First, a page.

GRAND DESIGNS: SERIES SIX with KEVIN McCLOUD (Roadshow DVD)

 |   |  1 min read

GRAND DESIGNS: SERIES SIX with KEVIN McCLOUD (Roadshow DVD)

Some people watch celebrity chefs on television and buy glossy monthlies with enticing recipes -- and yet still make the same six meals which come easy and never fail.

Then there are others (myself included) who don't open themselves up for the criticsm of such laziness: we watch programmes like Grand Designs -- but would never think of lifting a hammer purposefully.

We admire those who have some grand conceit for a home on stilts or a houseboat built with no plan and from recycled rubbish -- but we mostly admire them for doing it on television where GD presenter Kevin McCloud will say what we are thinking: "Are you mad?"

And some people -- those boat builders among them -- certainly are.

But more often than not these Brits are people with a vision and deep pockets, and even if they don't always sensibly employ an architect, on-site manager or a builder who has done this kind of thing before, the result is always compelling viewing.

In every episode there seems to be that "Oh no!" moment when everything goes wrong -- most notably in this series when the couple in Cheltenham have the walls up for their underground house and they start to leak, or the people who excavate for their modernist family home in Bath only to watch the rains come and their neighbour's retaining wall crash and mud slide onto their site.

These six episodes showcase the eccentric (a Gothic conceit in Monmouth, see clip below which also illustrates the international appeal of watching people build mad or inspired houses) to the beautiful (the pristine, white and hygienically precise "sugar cube" house in Bristol). And there are plenty of "Oh no!" moments, usually involving money.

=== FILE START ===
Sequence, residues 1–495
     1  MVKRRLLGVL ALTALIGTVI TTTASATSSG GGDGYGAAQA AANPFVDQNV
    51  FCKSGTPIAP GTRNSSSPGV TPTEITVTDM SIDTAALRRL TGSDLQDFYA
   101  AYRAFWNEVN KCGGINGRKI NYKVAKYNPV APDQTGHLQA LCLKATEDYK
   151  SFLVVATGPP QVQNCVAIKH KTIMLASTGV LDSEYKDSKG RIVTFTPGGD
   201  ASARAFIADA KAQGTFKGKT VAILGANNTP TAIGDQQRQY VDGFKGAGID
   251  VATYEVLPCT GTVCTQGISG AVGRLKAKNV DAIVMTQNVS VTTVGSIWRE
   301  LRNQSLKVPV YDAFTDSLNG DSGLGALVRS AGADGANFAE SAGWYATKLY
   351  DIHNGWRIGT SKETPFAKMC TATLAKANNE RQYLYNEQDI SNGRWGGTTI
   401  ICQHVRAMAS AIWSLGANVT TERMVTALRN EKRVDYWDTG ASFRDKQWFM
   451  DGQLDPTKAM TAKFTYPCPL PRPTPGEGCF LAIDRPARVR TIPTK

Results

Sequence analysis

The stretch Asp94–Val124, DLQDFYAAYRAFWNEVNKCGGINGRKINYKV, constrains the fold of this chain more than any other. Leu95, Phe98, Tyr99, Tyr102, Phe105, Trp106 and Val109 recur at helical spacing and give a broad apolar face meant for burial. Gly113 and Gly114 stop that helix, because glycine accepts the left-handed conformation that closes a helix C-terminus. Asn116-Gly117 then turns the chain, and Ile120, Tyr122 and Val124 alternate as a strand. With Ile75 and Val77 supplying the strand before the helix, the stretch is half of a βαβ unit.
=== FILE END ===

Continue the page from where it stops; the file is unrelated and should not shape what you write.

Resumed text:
Having a budget is fine in theory but to have their dream home most of these people end up crawling back to bank managers just to get the job done.

But, as one who lived in a leaky building, once the builders have gone you tend to forget the bad days, the mud slides, the vile weather which held up builders for three months, the meeting with the bank manager . . .

Grand Designs allows you to live vicariously through other peoples' dreams and nightmares, and at the end you get the smug satisfaction of saying "Nice, but I couldn't live in it" . . . or "Are you mad?"

Nothing would induce you to try these new recipes for heartbreak. 

Share It

Your Comments

Angela S - Aug 3, 2010

Yes, I'll admit to being addicted too - his travel programme was very good too but suffered from having to fit a time slot - hopefully there will be extras in a dvd.

PS What language is this this? Sounds Eastern European

post a comment

More from this section   Film articles index

IN THE ELECTRIC MIST, a film by BERTRAND TAVERNIER, 2009 (Madman DVD)

IN THE ELECTRIC MIST, a film by BERTRAND TAVERNIER, 2009 (Madman DVD)

Based on the James Lee Burke novel In the Electric Mist with Confederate Dead, this serial killer mystery (with surreal time slips into a world populated by the ghosts of the Civil War) is set in... > Read more

SON OF A LION, a film by BENJAMIN GILMOUR (Madman DVD)

SON OF A LION, a film by BENJAMIN GILMOUR (Madman DVD)

Although the ending of this award-winning film by first time writer-director Gilmour from Australia is something of a cop-out, that takes nothing away from the story and all that is told... > Read more

Elsewhere at Elsewhere

WE NEED TO TALK ABOUT . . . ABNER JAY: Play dem bones and skulls

WE NEED TO TALK ABOUT . . . ABNER JAY: Play dem bones and skulls

There is an interesting photo of singer and one-man band Abner Jay in the late Seventies playing at what is described as a folk festival. As he pours his all into whatever song has captured him, by... > Read more

WE NEED TO TALK ABOUT . . . LEON THEREMIN: The sound of sci-fi and nightmares

WE NEED TO TALK ABOUT . . . LEON THEREMIN: The sound of sci-fi and nightmares

You gotta hand it to inventor Leon Theremin, no one else had thought of a stringless cello. And if that sounds a bit Dada or like an installation at a Yoko Ono art exhibition, be assured. It... > Read more